Some of those responsible for the WTCCC1 plate design, such as it was, had worked on this beast:
    Clayton, D.G. et al (2005)
    Population structure, differential bias and genomic control in a large-scale, case-control association study
    Nat Genet. 37(11):1243-6

    Here, despite heroic attempts to randomise plates,

    We observed that, for some nsSNPs, the positions of the data clouds differed between cases and controls (Fig. 1a,b), resulting in spurious case-control differences. In extreme cases, instead of three clouds representing the two homozygous and one heterozygous genotypes, we observed four clouds: the heterozygous case and control clouds were quite distinct (e.g., the CD44 SNP rs9666607; Fig. 1a).

    OK – genotype calling has improved in the interim. But maybe you don’t need the filters now, because the SNPs that don’t work so well on varying sample sources have been removed – when we started WTCCC1 only 60 fantastically-good-quality-HapMap-CEU samples had ever been typed on the chip, at least that Affymetrix would show us. If that hypothesis is true, we can expect some ghastly artifacts from the new every-SNP-you-can-type custom chips coming out of Illumina.

    1. Christophe Lambert Post author

      Thanks for your thoughtful comments, Neil. I just created a plot of the log ratio PCA analysis color coded by disease for all of the samples from the original WTCCC study, and indeed it does look like there is partial overlap in the clusters between various diseases, rather than completely different plates as I had assumed. It is nice to have the historical reasoning on conserving scarce DNA.

      The spurious-association-free example I showed of the Alzheimer’s study was the same array platform as the WTCCC study, the Affymetrix 500k array. I also used the same genotype calling algorithm, CRLMM, to call both studies for the SNP association plots. No matter how good the genotyping is, we see spurious associations if randomization is neglected. We still need to use SNP filters on the most up to date Affymetrix and Illumina arrays (without DOE), and I think the promised high quality of these experiments has lulled many into a false sense of security that there somehow are not batch effects and we don’t have to worry about randomization.

      Randomization on plates will not fix earlier confounding in data collection and data preparation. The observation in the Clayton paper of clusters shifted by case/control status despite the heroic randomization attempts might be accounted for by the independent collection of case and control samples. They also state that the DNA was prepared in two different laboratories (albeit using the same procedure). It is not clear how the cases and controls were divided among those laboratories.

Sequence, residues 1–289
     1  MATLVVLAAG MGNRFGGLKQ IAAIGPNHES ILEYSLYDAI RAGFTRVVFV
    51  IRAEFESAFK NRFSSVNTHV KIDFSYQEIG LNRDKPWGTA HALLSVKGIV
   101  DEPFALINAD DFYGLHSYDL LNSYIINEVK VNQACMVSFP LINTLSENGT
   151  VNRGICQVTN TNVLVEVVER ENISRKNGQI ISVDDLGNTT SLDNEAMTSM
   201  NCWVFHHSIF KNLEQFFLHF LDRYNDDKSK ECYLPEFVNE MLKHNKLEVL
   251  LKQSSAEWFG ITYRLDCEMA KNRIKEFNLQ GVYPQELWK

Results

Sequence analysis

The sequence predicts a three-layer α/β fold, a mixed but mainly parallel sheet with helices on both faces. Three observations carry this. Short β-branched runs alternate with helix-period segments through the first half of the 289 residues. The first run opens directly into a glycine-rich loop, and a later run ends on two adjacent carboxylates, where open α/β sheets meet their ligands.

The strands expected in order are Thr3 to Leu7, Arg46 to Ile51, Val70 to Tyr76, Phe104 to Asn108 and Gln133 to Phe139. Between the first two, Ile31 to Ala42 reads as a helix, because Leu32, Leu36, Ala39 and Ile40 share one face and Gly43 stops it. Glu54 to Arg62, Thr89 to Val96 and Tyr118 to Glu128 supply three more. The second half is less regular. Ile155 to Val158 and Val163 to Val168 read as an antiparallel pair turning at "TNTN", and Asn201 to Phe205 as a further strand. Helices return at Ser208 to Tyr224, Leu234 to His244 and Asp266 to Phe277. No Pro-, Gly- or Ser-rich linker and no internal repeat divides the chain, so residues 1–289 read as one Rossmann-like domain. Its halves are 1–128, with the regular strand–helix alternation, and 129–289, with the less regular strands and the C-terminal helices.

1. Neil Walker

        The observation in the Clayton paper of clusters shifted by case/control status despite the heroic randomization attempts might be accounted for by the independent collection of case and control samples. They also state that the DNA was prepared in two different laboratories (albeit using the same procedure). It is not clear how the cases and controls were divided among those laboratories.

        The samples were collected separately, and DNA extracted separately – the projects were only related in that our funders (Wellcome Trust and Juvenile Diabetes Resarch Foundation) knew that control samples would be becoming available when we started collecting cases, and WT then paid for immortalisation of control samples, knowing they had funded case collections. There are no PIs in common between the two sample sets.

        Therefore, yes, the differences in clusters was down to the independent collection of case and control samples. This was unanticipated at the time.

    1. Christophe Lambert Post author

      The paper is well worth reading, thanks for pointing it out! Hopefully with enough voices on this topic, the practice of experimental design in our field can be swiftly improved. Having that published stake in the ground is an important step.

  5. Mayo

    Your article was cited by Stan Young on my current blogpost. I’m wondering if you have an update on the issue of randomization in microarrays. Thanks. D. Mayo

    1. Christophe Lambert

      I co-authored an invited editorial in Biostatistics last year that built upon this blog post, “Learning From Our GWAS Mistakes: From experimental design to scientific method”. This blog entry: expands on the article and points to it. You can find some citations to this article here: where, for instance, one group has developed a tool to better randomize microarray experiments.

  6. Mayo

    Christophe: It’s an excellent article, not only for its astute explanation of these issues but also because of its links to philosophy of science–my field. I’m writing on this in a book, so I’m wondering if there’s an update since that. Thanks so much. I will cite your articles.